Ultra ATP+, Double Strength Ultra ATP+, Double Strength
Get energized with malic acid & magnesium
MitoQ® MitoQ®
Powerful Antioxidant Support to Mitochondria
Energy NADH™ 12.5mg Energy NADH™ 12.5mg
Improve Energy & Cognitive Function
Hydroxocobalamin Extreme™ Hydroxocobalamin Extreme™
The B-12 Your Brain Needs for Detox & Sharpness
B-12 Extreme™ B-12 Extreme™
The Most Potent Vitamin B-12 on Earth

Natural Remedies

"It's Not Easy Being Green" - But It Is Healthy
Front Line Defense Against Colds & Flu - Support for Healthy Immune System Balance Front Line Defense Against Colds & Flu - Support for Healthy Immune System Balance
Stop Bacteria With Nature's Antibiotics Stop Bacteria With Nature's Antibiotics
Magnesium + Malic Acid: One-Two Punch for Pain & Fatigue Magnesium + Malic Acid: One-Two Punch for Pain & Fatigue
The Surprising Benefits of Probiotics - What You Didn't Know The Surprising Benefits of Probiotics - What You Didn't Know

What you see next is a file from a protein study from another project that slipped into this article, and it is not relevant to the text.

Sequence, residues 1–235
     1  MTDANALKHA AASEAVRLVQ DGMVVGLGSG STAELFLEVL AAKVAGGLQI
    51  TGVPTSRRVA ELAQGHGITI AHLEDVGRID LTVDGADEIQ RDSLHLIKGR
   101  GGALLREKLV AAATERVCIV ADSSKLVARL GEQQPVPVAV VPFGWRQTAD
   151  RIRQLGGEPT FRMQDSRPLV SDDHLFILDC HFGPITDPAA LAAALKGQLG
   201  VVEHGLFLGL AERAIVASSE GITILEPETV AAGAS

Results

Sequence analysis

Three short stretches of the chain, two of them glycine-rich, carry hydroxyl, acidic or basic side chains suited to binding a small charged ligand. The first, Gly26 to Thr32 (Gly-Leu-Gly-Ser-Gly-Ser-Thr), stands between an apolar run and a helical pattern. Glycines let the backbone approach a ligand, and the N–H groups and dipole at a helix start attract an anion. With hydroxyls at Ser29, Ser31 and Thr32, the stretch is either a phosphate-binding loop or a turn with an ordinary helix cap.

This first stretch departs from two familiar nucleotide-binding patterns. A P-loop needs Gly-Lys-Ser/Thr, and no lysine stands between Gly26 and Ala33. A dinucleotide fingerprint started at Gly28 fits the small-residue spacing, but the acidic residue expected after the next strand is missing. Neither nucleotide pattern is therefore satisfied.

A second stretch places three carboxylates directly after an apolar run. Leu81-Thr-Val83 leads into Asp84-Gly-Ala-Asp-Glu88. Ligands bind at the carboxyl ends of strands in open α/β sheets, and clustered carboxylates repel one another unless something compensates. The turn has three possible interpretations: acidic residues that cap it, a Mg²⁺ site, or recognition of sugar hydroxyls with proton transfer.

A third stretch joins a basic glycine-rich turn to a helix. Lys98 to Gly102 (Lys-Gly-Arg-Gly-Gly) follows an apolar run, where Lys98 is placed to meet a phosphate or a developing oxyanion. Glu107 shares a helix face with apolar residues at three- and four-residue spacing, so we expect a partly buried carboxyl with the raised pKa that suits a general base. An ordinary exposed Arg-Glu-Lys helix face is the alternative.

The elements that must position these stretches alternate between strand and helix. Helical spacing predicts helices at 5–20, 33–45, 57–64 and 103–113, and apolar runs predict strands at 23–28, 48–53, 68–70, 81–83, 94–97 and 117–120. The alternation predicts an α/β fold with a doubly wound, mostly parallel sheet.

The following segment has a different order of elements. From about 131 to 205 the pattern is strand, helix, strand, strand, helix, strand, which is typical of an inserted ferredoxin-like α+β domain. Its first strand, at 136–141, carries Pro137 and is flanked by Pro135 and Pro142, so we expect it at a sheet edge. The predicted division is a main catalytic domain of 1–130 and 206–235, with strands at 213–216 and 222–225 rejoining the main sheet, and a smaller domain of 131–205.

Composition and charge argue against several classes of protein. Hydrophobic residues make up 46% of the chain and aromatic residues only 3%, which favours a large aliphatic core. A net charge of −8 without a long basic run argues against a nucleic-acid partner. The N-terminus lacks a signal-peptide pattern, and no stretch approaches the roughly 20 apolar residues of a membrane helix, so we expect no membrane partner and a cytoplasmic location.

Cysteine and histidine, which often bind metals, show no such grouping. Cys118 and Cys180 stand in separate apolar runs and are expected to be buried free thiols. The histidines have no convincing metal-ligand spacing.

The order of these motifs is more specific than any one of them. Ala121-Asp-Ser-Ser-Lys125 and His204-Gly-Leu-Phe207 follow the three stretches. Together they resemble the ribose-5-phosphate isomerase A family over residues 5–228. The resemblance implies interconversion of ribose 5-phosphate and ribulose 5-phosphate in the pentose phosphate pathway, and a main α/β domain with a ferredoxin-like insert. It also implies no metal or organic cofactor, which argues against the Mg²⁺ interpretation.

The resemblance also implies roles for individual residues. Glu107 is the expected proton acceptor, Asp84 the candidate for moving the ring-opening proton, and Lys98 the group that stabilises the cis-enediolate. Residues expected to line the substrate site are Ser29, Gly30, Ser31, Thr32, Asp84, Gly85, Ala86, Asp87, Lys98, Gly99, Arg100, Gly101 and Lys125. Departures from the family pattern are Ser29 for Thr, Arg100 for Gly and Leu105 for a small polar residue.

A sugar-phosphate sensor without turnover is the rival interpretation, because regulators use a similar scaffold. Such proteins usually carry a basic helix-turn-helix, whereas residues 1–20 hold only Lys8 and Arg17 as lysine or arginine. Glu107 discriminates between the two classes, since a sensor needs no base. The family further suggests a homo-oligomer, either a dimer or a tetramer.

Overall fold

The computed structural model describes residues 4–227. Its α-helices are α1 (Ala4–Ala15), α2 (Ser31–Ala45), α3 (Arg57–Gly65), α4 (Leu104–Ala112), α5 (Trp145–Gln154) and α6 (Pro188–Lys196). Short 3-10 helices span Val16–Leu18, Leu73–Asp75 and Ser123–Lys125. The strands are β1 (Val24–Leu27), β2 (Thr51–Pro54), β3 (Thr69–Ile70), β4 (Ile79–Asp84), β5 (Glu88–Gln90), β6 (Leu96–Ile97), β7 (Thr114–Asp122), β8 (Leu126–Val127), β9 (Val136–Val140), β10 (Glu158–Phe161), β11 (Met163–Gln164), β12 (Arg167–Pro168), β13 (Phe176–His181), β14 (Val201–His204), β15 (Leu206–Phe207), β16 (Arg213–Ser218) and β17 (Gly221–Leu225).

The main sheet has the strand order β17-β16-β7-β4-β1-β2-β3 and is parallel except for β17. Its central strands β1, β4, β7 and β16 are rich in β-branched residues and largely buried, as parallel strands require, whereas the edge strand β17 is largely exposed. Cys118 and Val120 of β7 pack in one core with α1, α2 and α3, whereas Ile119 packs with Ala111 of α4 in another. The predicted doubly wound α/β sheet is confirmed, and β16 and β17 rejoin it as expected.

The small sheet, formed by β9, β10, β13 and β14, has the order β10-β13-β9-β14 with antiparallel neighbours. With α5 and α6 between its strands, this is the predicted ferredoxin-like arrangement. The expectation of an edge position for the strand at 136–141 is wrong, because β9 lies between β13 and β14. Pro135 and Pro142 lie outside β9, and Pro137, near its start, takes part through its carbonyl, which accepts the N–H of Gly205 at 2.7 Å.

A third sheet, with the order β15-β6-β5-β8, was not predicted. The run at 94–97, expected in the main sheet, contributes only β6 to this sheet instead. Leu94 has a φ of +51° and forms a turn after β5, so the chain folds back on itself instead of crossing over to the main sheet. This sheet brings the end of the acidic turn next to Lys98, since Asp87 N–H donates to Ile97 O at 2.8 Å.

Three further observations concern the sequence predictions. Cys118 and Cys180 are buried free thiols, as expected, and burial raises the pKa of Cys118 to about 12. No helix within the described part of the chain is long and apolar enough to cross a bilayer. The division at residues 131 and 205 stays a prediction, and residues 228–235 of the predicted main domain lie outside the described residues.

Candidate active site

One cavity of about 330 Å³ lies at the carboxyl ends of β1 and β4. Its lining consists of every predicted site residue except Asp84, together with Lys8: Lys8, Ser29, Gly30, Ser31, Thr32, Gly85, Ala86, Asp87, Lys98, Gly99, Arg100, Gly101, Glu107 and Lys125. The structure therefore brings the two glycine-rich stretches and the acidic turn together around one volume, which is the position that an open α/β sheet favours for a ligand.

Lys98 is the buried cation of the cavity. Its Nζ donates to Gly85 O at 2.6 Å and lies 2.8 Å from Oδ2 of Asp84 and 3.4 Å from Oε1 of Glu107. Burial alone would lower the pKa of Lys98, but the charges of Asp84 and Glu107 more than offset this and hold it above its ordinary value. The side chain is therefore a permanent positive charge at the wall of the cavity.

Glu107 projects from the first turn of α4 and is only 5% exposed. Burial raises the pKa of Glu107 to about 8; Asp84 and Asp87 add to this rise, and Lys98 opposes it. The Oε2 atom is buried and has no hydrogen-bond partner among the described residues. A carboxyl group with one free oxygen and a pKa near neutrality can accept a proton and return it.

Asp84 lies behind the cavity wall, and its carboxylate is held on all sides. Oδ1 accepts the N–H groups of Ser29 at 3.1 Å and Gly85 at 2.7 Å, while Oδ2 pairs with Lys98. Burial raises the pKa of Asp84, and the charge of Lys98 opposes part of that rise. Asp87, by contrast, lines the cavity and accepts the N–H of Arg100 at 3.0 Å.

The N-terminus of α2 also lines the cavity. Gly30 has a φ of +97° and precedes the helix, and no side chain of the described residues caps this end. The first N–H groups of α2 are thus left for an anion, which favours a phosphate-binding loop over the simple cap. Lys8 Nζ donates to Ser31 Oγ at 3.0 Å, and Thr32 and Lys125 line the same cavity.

CONTACT US
ProHealth, Inc.
555 Maple Ave
Carpinteria, CA 93013
(800) 366-6056  |  Email

· Become a Wholesaler
· Vendor Inquiries
· Affiliate Program
SHOP WITH CONFIDENCE
Credit Card Processing
SUBSCRIBE TO OUR NEWSLETTERS
Get the latest news about Fibromyalgia, M.E/Chronic Fatigue Syndrome, Lyme Disease and Natural Wellness

CONNECT WITH US ProHealth on Facebook  ProHealth on Twitter  ProHealth on Pinterest  ProHealth on Google Plus

© 2017 ProHealth, Inc. All rights reserved. Pain Tracker App  |  Store  |  Customer Service  |  Guarantee  |  Privacy  |  Contact Us  |  Library  |  RSS  |  Site Map